The D630 sports the same ergonomics that we loved about the D620: a pointing stick, dedicated volume and mute buttons, and a roomy, spill-resistant keyboard with minimal flex. The attractive black and gray body feels as solid as a tank with its magnesium-alloy build and sturdy, reinforced hinges. The only oddity is the battery; it sticks out of the front of the notebook, rather than the back.
A biometric fingerprint reader is nestled between the smallish mouse buttons that, combined with TPM circuitry and a SmartCard slot, grants corporate-level security. We would have liked to see a dedicated ExpressCard slot as an additional expandability option (the D630 offers up ExpressCard connectivity via USB) and a webcam for videoconferencing. Mobile professionals should note that at 5.8 pounds, the D630 is a bit heavier than the 5.2-pound Lenovo T61.
While viewing our Batman Begins DVD, we noted that the 14.1-inch matte display (with 1400 x 900-pixel resolution) produced bright images, although the colors lacked vibrancy. The movie looked good from most horizontal angles, but shifting the LCD up or down resulted in a distorted picture. The D630 packs in surprisingly loud speakers, which are good enough for giving presentations.
The D630's 2.2-GHz Intel Core 2 Duo processor and 2GB of RAM enabled the system to produce a strong PCMark05 score of 4,568. That's slower than the ThinkPad T61 we tested, but that system had a beefier 2.4-GHz processor. The Nvidia Quadro NVS 135M graphics card (with 128MB of memory) notched a 3Dmark03 score of 3,256, which is twice the performance you would get from an integrated graphics solution..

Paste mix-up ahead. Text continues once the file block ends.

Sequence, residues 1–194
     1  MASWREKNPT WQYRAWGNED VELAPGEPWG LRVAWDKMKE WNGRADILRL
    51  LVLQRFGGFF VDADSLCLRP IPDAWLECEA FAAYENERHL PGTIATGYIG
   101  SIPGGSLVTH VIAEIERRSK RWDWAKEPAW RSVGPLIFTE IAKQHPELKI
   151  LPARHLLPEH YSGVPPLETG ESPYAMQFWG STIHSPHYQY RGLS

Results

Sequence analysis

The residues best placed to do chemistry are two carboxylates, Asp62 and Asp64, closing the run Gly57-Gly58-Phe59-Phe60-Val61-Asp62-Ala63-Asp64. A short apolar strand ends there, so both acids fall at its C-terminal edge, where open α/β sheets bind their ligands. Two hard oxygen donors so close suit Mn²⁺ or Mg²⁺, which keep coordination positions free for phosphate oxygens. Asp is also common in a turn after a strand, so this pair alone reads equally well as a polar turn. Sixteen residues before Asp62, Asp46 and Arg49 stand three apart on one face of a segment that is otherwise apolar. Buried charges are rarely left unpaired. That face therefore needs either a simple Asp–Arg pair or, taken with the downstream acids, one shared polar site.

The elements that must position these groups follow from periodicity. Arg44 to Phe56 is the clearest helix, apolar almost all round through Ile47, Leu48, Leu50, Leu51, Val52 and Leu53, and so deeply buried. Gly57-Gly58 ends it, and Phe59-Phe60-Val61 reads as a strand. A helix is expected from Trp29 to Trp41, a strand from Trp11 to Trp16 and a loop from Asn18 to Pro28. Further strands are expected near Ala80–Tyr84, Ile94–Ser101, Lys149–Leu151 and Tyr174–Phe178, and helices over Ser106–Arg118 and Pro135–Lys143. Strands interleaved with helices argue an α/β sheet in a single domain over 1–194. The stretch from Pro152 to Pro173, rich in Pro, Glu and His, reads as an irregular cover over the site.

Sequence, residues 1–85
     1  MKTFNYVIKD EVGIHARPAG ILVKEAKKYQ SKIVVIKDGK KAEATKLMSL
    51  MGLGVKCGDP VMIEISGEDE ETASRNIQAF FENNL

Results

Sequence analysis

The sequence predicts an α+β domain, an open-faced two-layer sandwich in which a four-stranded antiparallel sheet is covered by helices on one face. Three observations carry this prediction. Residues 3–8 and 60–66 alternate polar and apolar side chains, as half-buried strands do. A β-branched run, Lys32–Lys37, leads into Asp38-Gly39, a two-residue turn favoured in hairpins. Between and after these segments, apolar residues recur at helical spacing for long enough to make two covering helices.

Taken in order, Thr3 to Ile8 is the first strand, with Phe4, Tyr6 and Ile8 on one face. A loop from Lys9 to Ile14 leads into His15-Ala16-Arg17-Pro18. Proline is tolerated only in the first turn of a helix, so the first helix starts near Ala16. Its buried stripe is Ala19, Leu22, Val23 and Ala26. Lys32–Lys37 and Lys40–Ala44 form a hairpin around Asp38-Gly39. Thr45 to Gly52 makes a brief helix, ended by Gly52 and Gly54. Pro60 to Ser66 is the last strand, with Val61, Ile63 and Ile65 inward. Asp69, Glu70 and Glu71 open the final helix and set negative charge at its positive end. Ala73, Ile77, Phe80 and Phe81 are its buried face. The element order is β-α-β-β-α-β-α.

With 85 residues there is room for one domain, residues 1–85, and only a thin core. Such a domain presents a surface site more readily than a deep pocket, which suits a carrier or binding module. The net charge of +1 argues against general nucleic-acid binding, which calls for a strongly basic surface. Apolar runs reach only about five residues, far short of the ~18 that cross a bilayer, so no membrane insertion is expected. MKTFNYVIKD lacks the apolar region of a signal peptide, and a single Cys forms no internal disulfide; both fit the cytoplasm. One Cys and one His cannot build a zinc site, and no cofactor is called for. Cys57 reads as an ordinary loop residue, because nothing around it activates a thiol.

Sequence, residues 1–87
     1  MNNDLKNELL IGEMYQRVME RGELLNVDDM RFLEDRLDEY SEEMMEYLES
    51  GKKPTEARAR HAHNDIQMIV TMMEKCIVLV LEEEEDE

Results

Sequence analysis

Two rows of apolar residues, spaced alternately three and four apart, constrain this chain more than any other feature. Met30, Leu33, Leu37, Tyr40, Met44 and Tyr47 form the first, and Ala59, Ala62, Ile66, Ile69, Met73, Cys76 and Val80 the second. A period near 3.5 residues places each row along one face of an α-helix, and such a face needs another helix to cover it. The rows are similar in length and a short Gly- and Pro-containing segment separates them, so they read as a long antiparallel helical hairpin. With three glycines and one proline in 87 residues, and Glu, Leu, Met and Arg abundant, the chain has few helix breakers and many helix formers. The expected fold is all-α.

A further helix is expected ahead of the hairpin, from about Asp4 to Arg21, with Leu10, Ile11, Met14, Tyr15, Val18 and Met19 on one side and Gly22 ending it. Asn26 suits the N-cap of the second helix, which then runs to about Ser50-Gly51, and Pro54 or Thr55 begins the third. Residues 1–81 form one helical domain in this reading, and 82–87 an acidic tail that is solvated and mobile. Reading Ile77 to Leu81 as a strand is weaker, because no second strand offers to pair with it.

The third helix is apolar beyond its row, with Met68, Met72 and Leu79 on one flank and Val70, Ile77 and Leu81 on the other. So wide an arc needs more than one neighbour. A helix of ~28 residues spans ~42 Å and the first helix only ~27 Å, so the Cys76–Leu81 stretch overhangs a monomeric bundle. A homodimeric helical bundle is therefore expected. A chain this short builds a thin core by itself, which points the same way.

On our DVD rundown test, the D630's nine-cell battery lasted 3 hours and 22 minutes, which is sufficient power for a full-length movie or two, and much better than the average thin-and-light system. Users can expect even longer battery life while engaging in typical business tasks. Users who want more endurance can swap out the 8X DVD+/-R drive for a six-cell battery ($119) to nearly double the D630's runtime.
Our model was outfitted with Verizon's EV-DO Rev. A 3G mobile broadband ($179), which let us download a 1MB file from our FTP server at a lightning-fast 13.2 seconds. Similarly, the upload speeds were also quite good; our 1MB file was posted to the server in 17.1 seconds. Buyers can also choose to outfit the D630 with Sprint EV-DO ($179) or AT&T HSDPA ($219) connectivity at the time of purchase.
The D630's 802.11n connection delivered a solid Wi-Fi performance, but not the best. We measured a data-throughput rate of 16.2 Mbps at 15 feet away from our access point, and 13.1 Mbps at 50 feet. The ThinkPad T61 notched scores above 18 Mbps from both distances. One especially nice perk is the included Wi-Fi Catcher (activated by pushing the Wi-Fi switch to the far right), which lets users see the available Wi-Fi networks in their vicinity, even if the notebook is closed.
Our configuration came with Windows Vista Buisness, which ran smoothly in our tests, but you can also choose Windows XP Professional or Windows XP Home as your operating system of choice. Also bundled with the machine is a 90-day trial of Wave's Embassy Trust Suite virus protection. Dell offers a generous three-year warranty that includes toll-free, 24/7 technical support.
Overall, the Dell Latitude D630 leverages the new Centrino platform well and is a worthy successor to the D620. We prefer the Lenovo Thinkpad T61 because of its unique display protection, lighter weight, and stronger wireless range, but the D630 offers all of the security, durability, and performance a business user could want for a reasonable price.
Striking the best balance of features, performance, and connectivity, the Dell D620 is the ideal travel companion.
We break down the latest and greatest notebooks in every category, from ultraportables to multimedia monsters, and give you our top picks in each.
Get the most out of Microsoft's new OS with these feature-packed notebooks under $1,500.